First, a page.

Self-driving Hondas: Coming to a city near you in 2025 (ideally)

It'll have a less capable system for highway driving in 2020.

Honda

In the past, Honda has been pretty cagey with respects to talking about self-driving cars and other future plans. But now, it's finally opening up.

Honda wants to get autonomous cars on city streets by 2025. These cars will be capable of SAE Level 4 self-driving, which means a human may only be required to respond in certain driving modes. Otherwise, the vehicle will take care of both driving and monitoring the environment.

Honda's hardware strategy isn't much different than the competition, relying on a mix of cameras, radar and lidar.

Honda

Honda won't be sitting on its hands before then. In 2020, it plans to introduce a semi-autonomous system that will be capable of driving itself on highways. We were in Japan this week with Honda, where the automaker gave us an early demo of the system, and we walked away impressed, even though conditions were perfectly ideal for the demo.

Between now and then, Honda will attempt to keep development costs in line by increasing coordination between its R&D and manufacturing departments, as the company moves forward with both advanced safety systems and electrification.

It's unclear just what vehicles will end up electrified, but it hopes to have electrified models (including hybrids, battery-electric and hydrogen fuel-cell cars) comprise two-thirds of its lineup by 2030. Currently, that number sits at about 5 percent.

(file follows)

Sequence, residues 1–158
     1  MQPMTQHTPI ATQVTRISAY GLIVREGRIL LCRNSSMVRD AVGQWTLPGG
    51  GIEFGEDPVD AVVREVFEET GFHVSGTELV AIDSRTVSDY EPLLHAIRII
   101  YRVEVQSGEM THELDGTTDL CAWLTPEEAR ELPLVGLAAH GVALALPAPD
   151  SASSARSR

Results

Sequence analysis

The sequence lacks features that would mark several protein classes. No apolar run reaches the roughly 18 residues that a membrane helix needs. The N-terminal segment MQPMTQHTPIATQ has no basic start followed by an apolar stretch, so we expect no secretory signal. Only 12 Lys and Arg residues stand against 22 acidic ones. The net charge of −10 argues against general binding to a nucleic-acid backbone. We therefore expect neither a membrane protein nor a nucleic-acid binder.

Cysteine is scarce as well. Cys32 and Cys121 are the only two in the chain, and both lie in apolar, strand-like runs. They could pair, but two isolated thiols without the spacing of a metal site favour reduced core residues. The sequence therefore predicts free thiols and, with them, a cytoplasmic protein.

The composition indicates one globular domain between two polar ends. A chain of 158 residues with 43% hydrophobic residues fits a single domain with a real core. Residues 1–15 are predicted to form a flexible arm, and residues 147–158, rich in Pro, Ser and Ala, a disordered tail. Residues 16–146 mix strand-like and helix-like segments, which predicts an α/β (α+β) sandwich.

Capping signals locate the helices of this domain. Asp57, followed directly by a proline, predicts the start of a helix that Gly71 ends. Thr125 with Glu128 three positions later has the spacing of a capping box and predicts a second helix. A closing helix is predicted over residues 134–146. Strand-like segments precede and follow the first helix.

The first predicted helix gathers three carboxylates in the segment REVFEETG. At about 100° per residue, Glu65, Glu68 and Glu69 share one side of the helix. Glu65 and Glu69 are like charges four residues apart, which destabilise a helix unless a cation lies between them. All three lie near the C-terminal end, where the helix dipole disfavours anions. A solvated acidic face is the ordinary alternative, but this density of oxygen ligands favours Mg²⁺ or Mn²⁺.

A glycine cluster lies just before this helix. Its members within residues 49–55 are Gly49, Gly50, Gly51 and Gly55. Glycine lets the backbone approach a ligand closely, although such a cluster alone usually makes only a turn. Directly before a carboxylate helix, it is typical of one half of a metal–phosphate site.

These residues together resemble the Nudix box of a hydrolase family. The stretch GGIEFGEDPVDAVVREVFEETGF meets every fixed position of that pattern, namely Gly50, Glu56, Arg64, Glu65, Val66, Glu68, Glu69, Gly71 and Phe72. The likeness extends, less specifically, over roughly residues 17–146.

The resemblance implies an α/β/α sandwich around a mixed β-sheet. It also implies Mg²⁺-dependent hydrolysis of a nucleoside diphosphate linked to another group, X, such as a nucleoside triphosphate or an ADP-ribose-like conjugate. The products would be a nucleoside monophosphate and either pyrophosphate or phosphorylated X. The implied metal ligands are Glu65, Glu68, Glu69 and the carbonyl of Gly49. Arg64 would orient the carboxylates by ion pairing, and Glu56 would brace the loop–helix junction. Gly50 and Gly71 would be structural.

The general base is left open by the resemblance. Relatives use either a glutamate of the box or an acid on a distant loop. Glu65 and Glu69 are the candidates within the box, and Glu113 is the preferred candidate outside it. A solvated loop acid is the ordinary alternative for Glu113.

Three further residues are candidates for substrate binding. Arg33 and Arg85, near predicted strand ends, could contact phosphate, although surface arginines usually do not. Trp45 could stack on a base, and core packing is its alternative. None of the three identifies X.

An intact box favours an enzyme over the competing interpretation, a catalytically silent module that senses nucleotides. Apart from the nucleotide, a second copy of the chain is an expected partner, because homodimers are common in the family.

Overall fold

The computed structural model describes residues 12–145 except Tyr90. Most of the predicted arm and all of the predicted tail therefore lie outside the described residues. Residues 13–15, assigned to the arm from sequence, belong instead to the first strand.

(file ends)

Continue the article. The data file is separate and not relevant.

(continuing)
Honda's goal to put a Level 4 car on the road by 2025 is about five years past the estimate of other automakers, but being first to market in this burgeoning segment is not necessarily the wisest idea. Look at Tesla -- all eyes are on it, and any slip up (whether it's a normal fender-bender or something involving Autopilot) is immediately scrutinized across the internet. Tesla might be able to weather that storm, but traditional automakers will have a harder time.

Look at Apollo 13 for an example -- things went wrong, and it soured public opinion on space, relegating human civilization to orbiting the same blue ball for decades to come. Only now are we beginning to approach the idea of putting men on Mars in earnest. A similar setback could easily befall self-driving cars, and odds are it'll be one of the "pioneers" in the field to suffer this. Being late to the game, in this case, could be the wisest choice.

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